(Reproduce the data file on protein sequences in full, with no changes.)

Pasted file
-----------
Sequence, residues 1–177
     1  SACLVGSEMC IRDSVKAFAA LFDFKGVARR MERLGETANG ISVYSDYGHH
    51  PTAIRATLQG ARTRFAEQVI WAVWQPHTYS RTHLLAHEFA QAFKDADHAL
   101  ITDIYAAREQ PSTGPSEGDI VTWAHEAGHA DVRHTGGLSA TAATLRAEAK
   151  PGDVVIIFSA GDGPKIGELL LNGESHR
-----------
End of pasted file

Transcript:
Sequence, residues 1–177
     1  SACLVGSEMC IRDSVKAFAA LFDFKGVARR MERLGETANG ISVYSDYGHH
    51  PTAIRATLQG ARTRFAEQVI WAVWQPHTYS RTHLLAHEFA QAFKDADHAL
   101  ITDIYAAREQ PSTGPSEGDI VTWAHEAGHA DVRHTGGLSA TAATLRAEAK
   151  PGDVVIIFSA GDGPKIGELL LNGESHR